The U.S. knows very little about China’s newest stealth fighter prototype, the Shenyang J-21. But the just-released photographs of the Chinese jet reveal it to have a barely noticeable but key detail — one that suggests the jet might be hauled by China’s future fleet of aircraft carriers.
The Shenyang J-21, according to the three photos of it circulating on the Internet, has twin nose wheels. That’s kind of tough landing gear usually associated with naval fighters optimized for launching and landing on the heaving decks of aircraft carriers at sea. Could the J-21 be a tool of Chinese naval power?
Just two days after the J-21 — or J-31, as some observers think it’s designated — made its blurry Internet debut at a factory airfield in northeastern China, there are far more questions than answers about the new airplane’s origins, characteristics and purpose.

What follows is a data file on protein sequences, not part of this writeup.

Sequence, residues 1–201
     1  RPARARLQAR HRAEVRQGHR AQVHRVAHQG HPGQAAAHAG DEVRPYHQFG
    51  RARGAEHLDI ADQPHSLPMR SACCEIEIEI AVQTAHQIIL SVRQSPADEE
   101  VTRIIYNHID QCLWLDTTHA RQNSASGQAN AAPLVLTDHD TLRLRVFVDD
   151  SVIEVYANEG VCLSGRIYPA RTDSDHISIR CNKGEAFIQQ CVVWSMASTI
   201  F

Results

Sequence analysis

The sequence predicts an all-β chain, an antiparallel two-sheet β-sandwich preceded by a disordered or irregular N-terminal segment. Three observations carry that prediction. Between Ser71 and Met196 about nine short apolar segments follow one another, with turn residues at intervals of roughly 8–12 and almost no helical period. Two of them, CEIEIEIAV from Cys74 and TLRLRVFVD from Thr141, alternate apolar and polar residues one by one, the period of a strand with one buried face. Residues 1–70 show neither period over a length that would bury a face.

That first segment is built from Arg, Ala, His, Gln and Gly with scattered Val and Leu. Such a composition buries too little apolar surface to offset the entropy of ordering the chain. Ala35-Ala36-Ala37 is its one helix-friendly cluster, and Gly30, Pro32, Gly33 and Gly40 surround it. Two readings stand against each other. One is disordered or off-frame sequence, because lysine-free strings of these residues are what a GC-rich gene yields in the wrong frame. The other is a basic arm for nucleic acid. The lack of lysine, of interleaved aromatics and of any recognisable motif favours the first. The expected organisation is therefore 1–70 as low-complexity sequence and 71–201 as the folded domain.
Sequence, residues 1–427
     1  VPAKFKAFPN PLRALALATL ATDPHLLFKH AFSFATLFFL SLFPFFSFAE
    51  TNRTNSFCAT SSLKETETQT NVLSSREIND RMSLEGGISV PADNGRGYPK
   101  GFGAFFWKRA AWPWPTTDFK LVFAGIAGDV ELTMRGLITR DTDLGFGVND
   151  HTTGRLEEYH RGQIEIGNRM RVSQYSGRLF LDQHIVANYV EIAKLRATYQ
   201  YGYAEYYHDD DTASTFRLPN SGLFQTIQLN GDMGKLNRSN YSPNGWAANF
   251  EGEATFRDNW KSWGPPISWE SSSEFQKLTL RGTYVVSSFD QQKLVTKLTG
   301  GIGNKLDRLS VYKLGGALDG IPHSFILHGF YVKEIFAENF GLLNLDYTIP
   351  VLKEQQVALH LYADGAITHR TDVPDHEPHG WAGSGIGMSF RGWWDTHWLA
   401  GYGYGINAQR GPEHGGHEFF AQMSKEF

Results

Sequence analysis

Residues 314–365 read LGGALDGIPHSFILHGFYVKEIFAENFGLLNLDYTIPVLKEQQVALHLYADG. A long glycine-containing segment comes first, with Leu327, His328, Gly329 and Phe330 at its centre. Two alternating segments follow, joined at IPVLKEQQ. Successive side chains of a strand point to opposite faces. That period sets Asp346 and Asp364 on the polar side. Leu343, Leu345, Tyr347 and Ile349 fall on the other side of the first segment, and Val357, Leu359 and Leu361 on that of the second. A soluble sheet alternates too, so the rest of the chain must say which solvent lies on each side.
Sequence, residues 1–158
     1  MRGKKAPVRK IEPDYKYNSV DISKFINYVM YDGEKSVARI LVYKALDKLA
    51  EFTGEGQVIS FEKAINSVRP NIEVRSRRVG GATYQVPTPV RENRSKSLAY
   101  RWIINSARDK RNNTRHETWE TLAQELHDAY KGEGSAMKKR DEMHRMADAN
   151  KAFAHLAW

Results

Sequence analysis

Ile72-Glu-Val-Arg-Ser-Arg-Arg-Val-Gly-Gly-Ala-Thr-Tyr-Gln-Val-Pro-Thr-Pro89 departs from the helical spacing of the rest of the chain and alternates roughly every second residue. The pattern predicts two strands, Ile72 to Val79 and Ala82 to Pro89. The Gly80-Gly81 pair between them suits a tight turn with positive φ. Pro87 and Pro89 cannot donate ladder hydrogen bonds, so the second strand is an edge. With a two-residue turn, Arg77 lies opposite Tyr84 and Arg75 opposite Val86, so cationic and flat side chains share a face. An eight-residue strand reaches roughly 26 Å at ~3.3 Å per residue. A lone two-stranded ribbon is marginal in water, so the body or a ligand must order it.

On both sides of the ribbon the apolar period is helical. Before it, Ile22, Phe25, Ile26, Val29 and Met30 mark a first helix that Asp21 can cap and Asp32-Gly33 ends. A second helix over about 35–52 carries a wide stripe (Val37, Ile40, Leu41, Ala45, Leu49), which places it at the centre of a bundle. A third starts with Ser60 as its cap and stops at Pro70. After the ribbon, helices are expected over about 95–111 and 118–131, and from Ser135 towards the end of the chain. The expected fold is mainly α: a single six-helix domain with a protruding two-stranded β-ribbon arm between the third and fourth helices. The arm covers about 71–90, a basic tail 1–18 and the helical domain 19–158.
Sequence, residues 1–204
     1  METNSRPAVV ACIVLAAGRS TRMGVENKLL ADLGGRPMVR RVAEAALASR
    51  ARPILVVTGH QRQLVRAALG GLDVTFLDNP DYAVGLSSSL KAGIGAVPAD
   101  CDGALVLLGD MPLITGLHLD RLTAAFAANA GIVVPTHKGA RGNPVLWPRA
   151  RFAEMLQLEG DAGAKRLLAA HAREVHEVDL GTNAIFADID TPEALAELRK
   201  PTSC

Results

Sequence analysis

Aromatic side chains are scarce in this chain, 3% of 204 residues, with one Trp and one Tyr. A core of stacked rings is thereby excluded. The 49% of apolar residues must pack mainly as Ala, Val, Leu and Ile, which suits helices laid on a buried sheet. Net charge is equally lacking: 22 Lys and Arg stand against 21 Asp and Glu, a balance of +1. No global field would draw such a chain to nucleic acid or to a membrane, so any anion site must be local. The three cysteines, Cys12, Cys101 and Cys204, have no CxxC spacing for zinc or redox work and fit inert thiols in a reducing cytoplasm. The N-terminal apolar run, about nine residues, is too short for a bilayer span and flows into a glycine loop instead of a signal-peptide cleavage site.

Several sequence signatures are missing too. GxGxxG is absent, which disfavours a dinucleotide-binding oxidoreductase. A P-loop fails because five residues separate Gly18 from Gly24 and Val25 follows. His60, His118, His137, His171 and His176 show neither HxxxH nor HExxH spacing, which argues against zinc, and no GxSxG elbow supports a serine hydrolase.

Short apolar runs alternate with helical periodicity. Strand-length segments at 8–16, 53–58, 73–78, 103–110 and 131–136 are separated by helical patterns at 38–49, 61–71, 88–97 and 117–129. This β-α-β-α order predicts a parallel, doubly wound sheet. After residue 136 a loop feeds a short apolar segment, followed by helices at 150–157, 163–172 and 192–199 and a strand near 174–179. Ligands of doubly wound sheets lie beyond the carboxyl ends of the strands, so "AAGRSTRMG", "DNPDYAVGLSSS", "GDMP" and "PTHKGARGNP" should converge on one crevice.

How stealthy is it — and how far along in its development? Is the J-21 a copy of the U.S. F-35 based on blueprints stolen by Chinese hackers, as some China-watchers contend? Is the new plane meant to compete with, or complement, the larger Chengdu J-20 stealth fighter prototype that debuted 21 months ago? And was the J-21′s first appearance timed to send a forceful message to U.S. Defense Secretary Leon Panetta, who is China on his first visit as Pentagon chief?